The Horde was assembling for war. The process seemed unreal, as thousands of our allies had gathered around to protect us and gain favor with the newly crowned Horde King. Some came to see the birth of the miracle babies—as they now referred to the wee beasties inside of me—who grew stronger with every rising of the suns. Those who gathered in the walls of the keep did so with the pretense of wanting to protect my glorious beast—as if he needed protection.
Ryder was one of the deadliest creatures that existed, and yet, despite my best efforts, he behaved as though I was too frail in my current condition to protect myself, so he had his brothers watching over me night and day as war loomed on the horizon.
He was trying to shield me from what was coming, but I wasn’t a fool. I could smell the conflict brewing in the air, thick and dangerously near. I wasn’t an idiot either; I knew we wouldn’t make it out of this fight unscathed. No one would. For all we held, and all we cherished, peace would come at a steep price—because it always had. Even in my world, wars left devastation in their wake, but these were creatures who didn’t want control; they wanted to destroy. These were powerful creatures that could do damage on a scale that Humans had never witnessed before.
Ristan had been spending more time with Alden, and was now acting as his shadow on all things Guild, bringing back any information he or Alden discovered. I often protested that it was no longer safe for Alden to be there; however, he stood fast in his belief that the Guild could be saved. He was hell-bent on ensuring that those who were worth saving were saved.
It gave me some comfort to know that Alden, with all his stubbornness, was protected by the Demon. Well, for the most part. I feared for both of them as they continued to put together the missing puzzle pieces. Trickery was everywhere, and no one was safe from it. Not even me.
Fear had become a constant thing in my life, and I was sure it wasn’t going to go away anytime soon. It had grown roots, and each day a new bud would bloom as my time to bear Ryder’s children grew nearer. What I feared the most wasn’t losing Ryder, or if I would ever be able to gain his love, but what would come when my babies were born. I was strong, but that alone wouldn’t keep them alive. I had spent more time with Danu, and so far we hadn’t found anything to protect the babes, except keeping them where they were—inside of me, where they would be alive and safe.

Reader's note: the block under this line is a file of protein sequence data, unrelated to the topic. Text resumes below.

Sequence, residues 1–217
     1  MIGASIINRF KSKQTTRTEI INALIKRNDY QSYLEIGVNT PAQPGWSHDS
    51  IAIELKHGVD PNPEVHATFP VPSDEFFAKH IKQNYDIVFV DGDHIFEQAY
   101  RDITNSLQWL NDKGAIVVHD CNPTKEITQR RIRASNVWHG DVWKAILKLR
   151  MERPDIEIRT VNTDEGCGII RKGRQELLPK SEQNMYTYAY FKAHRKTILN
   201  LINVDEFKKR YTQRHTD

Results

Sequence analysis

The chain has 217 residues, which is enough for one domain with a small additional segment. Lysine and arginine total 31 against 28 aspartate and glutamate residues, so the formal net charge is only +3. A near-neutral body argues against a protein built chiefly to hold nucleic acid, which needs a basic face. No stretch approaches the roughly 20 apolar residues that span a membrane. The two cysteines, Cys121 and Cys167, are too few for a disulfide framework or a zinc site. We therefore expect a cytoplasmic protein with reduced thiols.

Time wasn’t on our side though, and it kept moving along, oblivious to the turmoil around us. More than a month had passed since Ryder’s coronation, and my time was steadily drawing nearer.
The uncertain and fragile state I was in weighed on my mind heavily as the days passed without a cure for the land. Ristan had been given visions that led everyone to believe that Ryder’s and my children were the cure for this world. However, other than a few visions in infancy, including the one vision of me handing my son to Adam, he hadn’t seen anything more of them in our future and that scared the hell out of me. I mean, if they were the cure, why couldn’t he see them with us, unless it ended badly?
So much had happened in the short time since I’d met my beast that I hadn’t even been able to catch my breath or wade through my inner fears. I knew I loved him, but love wasn’t strong enough to seduce destiny into giving us what we wanted. Danu kept telling me that destiny had to be won, that I wasn’t just born to it, and that I had to fight to get it.
More reports came in daily from Ryder’s spies in the Human world; some of the reports we had gotten over the past month were frightening. They hinted that the Mages were gathering strength, torturing and killing the lesser Castes of Faery both here and in Tèrra, as they called my world. They were smart, but their actions did not seem coordinated, strategic or very organized as one would tend to expect from people who planned on wiping out an entire race for vengeance. Unlike Ryder, who was continually watching them and learning how they moved. He tried to learn everything about how they thought, and how to intercept their moves.